Lee had never owned a house in his life, but he'd had a crash course in household financial management since the death of his father-in-law, George Washington Parke Custis. It was not just any house in his care. This was Arlington, one of the most famous plantations in Virginia, built and owned by the foster son of George Washington, and it was filled with elegant furniture and historic artifacts from Mount Vernon. The estate included 1,100 acres of land, fish hatcheries, vast stands of timber, a sawmill, and nearly two hundred slaves. When Mr. Custis died a widower, he left everything to his only surviving child, Mary, who was Colonel Lee's wife. Grand as the place was, it rested on shaky financial underpinnings. Mr. Custis had a taste for the finest in everything but no head for business. The estate accounts hadn't been balanced in nine years. When he died, no one knew how much money he had or how much he owed. Robert had taken leave from his military command for nearly two years to unscramble the books at Arlington in order to preserve its legacy for his wife and their seven children.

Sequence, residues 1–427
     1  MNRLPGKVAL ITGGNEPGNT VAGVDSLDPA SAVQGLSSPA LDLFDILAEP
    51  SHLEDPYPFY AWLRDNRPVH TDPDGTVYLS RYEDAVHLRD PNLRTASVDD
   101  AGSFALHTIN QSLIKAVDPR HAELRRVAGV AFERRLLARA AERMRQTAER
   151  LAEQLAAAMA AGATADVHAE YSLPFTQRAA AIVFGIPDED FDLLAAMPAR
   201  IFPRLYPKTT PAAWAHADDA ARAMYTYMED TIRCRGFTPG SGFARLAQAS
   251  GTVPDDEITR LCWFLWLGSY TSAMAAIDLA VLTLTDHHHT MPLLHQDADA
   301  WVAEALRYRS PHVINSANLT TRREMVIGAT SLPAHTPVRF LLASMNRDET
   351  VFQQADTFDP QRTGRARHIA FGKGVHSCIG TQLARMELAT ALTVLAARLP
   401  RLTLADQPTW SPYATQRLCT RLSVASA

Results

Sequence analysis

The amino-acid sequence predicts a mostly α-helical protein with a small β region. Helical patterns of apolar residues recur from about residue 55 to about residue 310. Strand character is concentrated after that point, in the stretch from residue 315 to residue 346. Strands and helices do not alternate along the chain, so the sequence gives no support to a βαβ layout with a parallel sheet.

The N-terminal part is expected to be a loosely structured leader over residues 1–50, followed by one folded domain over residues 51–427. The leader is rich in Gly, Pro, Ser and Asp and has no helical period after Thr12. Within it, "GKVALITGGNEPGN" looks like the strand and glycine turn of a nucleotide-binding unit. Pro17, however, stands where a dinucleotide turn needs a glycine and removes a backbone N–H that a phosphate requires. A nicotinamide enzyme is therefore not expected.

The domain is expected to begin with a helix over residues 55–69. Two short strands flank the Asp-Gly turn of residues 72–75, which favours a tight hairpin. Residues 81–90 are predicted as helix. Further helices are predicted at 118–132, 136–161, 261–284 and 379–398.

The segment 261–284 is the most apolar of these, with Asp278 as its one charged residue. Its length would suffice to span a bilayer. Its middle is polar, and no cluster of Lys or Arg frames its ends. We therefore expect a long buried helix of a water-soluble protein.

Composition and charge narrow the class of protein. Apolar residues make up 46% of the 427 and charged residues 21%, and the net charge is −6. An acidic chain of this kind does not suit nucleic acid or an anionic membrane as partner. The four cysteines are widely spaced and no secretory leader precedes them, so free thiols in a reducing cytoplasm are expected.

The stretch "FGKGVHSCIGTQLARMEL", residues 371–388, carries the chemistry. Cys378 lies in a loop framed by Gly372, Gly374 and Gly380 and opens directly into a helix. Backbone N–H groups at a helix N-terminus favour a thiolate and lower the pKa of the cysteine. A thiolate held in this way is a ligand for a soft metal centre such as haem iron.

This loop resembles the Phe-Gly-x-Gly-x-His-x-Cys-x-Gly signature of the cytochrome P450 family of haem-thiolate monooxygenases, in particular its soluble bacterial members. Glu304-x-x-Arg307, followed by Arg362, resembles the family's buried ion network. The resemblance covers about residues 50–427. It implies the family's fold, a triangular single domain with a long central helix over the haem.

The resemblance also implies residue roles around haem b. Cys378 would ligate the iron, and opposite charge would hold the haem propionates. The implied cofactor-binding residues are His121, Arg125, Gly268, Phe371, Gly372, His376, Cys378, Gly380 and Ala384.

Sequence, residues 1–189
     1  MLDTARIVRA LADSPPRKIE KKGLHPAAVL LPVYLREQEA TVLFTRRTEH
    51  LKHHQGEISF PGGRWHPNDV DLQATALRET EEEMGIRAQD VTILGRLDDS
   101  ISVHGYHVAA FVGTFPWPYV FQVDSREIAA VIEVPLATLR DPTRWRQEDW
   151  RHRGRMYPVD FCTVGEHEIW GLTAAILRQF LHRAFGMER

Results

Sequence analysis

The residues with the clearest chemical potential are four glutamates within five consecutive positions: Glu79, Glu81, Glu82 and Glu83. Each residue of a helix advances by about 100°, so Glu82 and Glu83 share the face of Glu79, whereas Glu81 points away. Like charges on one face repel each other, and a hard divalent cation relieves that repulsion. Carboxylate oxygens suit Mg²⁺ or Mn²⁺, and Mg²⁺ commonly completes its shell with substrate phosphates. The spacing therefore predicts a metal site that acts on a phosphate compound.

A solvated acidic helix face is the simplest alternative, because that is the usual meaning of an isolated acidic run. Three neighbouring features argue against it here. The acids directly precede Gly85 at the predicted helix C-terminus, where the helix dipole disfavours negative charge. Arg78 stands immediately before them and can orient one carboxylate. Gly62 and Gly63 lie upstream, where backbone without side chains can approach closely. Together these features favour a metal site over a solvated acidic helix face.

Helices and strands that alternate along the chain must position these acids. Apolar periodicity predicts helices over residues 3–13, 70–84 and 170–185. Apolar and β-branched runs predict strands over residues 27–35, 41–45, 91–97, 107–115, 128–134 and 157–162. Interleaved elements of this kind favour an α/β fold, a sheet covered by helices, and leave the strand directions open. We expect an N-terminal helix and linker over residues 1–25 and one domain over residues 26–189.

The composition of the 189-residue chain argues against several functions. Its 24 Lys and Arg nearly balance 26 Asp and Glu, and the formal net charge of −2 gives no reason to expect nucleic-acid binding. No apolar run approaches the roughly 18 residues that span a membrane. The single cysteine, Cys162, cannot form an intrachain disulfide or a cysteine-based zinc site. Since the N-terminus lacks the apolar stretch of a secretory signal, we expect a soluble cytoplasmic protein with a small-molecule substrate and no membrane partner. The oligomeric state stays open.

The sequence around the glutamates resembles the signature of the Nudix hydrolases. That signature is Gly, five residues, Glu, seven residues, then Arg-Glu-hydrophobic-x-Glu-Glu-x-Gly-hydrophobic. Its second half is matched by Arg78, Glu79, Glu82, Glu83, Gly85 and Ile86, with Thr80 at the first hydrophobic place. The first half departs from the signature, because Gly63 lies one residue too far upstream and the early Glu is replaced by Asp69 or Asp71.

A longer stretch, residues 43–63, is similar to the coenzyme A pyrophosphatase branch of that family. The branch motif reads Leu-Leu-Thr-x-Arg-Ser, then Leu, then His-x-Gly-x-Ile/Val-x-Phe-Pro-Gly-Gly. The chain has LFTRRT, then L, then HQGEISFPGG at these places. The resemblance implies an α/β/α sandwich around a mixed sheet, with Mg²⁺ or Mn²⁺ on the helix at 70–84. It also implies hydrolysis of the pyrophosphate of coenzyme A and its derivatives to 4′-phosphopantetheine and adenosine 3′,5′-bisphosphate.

As an experienced senior officer with no day-to-day military responsibilities for the moment, Colonel Lee was tapped occasionally for courts-martial and other temporary duty in and around Washington. Lieutenant Stuart might have come to call that dank Monday morning with another routine assignment, but this matter was far more consequential. Reading the note Jeb handed him, the gracious and hospitable colonel didn't even take time to offer his young friend refreshment and a few minutes' conversation. He said a hasty good-bye to his wife and, still in civilian clothes, rode immediately with Stuart back to Washington. He'd been ordered by Secretary of War John Floyd to report to the War Department at once.

The night before, October 16, 1859, the army arsenal at Harpers Ferry, Virginia, had been raided and overrun by fanatic followers of a fire-breathing abolitionist named John Brown. Invaders poured into the unguarded facility and quickly disarmed the few soldiers on duty. By the next day, townspeople and the local militia had surrounded Brown and his men, but the abolitionists were barricaded in the firehouse and heavily armed. They'd also taken hostages, including Lewis Washington, the elderly great-grandnephew of the first president. A company of soldiers from nearby Fort Monroe and marines from Washington were ordered to help the local defenders take back the arsenal, rescue the hostages, and capture the raiders. By Secretary Floyd's reckoning, Colonel Lee was the best available officer to lead this combined force.